Sunday, April 24, 2011

Arabia on the Move

The rebellion in Libya has overshadowed the uprisings in a number of other Arab countries. The latest protests and crackdown has been seen in Syria, where a anti-Western regime is trying to hold on to power. However, the Arab revolts are neither anti nor pro Western. They are all pro-freedom.

When a fruit seller's protest grew in to a mammoth peoples' uprising in Tunisia, some Western nations, especially France attempted to prop up the falling despot, Ben Ali. The West may have suspected that the fall of one despot may trigger a domino effect in Arabia. Whether they anticipated it or not, they could not keep Ben Ali in power and could not stop the people from rising up against other dictators.

Egypt, a key to Arabia and home to a widely unpopular darling of the West was next to overthrow her dictator. The protests did not stop at ousting Mubarak. He was later detained, his party dissolved and investigations have started on the 'shady deals' of Mubarak era. Mubarak has been held responsible for the deaths of hundreds of protesters during the last days of his reign. In a recent move, Egypt's prosecutor ordered the country's ex-energy ministers detained for questioning over a controversial gas deal with Israel under the rule of ousted President Mubarak.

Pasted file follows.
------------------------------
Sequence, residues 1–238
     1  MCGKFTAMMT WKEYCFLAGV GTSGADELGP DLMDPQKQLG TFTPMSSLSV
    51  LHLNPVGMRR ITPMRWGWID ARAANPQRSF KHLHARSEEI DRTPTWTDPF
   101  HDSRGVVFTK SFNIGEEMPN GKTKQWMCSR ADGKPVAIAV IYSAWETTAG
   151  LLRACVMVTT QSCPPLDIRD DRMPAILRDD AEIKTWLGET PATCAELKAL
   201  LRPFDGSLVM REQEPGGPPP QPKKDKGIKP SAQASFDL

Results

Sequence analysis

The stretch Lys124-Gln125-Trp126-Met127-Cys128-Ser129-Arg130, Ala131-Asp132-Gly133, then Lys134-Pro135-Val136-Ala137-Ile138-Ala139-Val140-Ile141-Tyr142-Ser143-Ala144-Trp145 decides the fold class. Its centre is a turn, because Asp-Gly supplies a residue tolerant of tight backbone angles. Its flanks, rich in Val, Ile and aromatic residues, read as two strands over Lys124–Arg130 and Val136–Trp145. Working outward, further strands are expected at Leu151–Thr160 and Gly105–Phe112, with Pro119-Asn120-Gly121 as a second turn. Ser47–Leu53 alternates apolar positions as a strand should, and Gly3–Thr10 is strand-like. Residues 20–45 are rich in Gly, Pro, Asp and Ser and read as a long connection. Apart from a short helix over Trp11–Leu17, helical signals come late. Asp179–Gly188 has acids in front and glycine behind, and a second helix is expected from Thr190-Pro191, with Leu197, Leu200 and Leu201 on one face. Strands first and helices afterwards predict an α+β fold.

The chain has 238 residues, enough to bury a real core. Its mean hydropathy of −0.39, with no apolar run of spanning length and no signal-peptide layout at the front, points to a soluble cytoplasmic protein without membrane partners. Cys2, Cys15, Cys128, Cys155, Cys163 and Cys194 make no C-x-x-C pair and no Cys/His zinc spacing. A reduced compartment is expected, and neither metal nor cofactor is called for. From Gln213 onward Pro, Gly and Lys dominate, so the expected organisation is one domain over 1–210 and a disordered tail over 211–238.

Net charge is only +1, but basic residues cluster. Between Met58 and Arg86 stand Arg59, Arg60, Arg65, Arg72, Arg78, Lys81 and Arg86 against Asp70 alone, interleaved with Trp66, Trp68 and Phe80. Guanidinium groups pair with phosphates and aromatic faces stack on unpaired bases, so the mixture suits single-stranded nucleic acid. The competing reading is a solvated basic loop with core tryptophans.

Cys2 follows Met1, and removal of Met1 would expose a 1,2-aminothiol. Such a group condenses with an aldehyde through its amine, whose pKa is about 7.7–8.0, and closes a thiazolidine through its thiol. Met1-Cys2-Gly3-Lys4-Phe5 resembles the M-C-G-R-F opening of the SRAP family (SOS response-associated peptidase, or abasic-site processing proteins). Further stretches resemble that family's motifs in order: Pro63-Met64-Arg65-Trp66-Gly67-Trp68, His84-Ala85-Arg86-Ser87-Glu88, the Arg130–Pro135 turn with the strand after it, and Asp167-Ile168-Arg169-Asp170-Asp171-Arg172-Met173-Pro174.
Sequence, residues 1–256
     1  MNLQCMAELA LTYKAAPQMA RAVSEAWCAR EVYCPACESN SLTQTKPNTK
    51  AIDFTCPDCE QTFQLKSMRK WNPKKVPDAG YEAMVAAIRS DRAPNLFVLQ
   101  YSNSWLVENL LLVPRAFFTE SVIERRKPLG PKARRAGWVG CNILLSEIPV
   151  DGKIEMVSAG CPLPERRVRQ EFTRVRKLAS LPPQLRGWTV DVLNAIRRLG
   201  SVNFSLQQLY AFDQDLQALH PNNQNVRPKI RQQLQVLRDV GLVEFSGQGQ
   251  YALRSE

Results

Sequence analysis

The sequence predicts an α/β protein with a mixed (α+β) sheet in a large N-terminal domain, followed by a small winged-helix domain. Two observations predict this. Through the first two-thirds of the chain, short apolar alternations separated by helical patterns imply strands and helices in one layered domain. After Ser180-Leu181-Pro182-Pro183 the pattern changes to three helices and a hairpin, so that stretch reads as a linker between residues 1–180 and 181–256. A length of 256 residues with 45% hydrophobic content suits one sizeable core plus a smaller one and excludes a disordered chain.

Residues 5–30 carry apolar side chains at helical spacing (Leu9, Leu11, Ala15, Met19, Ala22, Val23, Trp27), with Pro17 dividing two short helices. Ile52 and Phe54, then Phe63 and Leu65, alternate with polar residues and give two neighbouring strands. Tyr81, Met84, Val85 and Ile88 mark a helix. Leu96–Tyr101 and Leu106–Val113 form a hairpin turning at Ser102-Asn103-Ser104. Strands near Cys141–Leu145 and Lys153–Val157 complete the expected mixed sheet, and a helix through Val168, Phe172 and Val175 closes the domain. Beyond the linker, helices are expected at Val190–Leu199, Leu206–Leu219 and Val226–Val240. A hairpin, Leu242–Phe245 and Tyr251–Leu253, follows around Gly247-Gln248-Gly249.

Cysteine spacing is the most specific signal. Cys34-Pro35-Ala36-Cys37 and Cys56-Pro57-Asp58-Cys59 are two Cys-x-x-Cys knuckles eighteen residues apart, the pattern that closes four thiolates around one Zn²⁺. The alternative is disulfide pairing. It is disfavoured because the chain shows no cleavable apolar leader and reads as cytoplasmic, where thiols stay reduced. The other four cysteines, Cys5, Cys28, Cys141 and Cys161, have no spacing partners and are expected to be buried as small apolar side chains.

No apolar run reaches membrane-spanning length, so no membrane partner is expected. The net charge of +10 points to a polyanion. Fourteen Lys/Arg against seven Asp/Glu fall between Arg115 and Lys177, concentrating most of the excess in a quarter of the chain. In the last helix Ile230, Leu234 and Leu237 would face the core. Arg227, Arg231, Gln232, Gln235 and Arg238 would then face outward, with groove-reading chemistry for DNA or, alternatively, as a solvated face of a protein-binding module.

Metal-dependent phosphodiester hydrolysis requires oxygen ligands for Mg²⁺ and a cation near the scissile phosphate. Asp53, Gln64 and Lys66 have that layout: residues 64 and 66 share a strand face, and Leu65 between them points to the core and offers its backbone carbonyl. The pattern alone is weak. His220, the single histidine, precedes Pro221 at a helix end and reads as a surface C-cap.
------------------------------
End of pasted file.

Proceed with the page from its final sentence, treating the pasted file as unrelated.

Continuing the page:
In Yemen, a staunch ally of the West, Ali Abdullah Saleh, has agreed to step down within 30 days after the Gulf Cooperation Council (GCC) came to an agreement with him to end the ongoing popular revolt. His allies have deserted him, some of them forming a new anti-Saleh faction, the Justice and Development Bloc.

Meanwhile the GCC is embattled in Bahrain, where they have helped the Al-Khalifa clan to cling on to power by sending in troops. The Al-Saud family has led the way in protecting a fellow Sunni monarch, may be in fear of unrest in their own realm, Saudi Arabia. While the regime in the small island state has secured power, in doing so, it has self inflicted a crushing blow on its legitimacy.

Events in Syria are also moving to a head-on collision. Intense crackdown has been reported. Syria was one of the last places to see a significant protest movement emerging. This has led to speculations whether an outside power was behind in instigating the protests.

In other countries throughout Arabia, things are more or less calm. Leaders all over Arabia were forced to enact political reforms. In some places, such as Yemen, Syria and even in Egypt, the future remains uncertain. In Libya, full scale war remains the order of the day.

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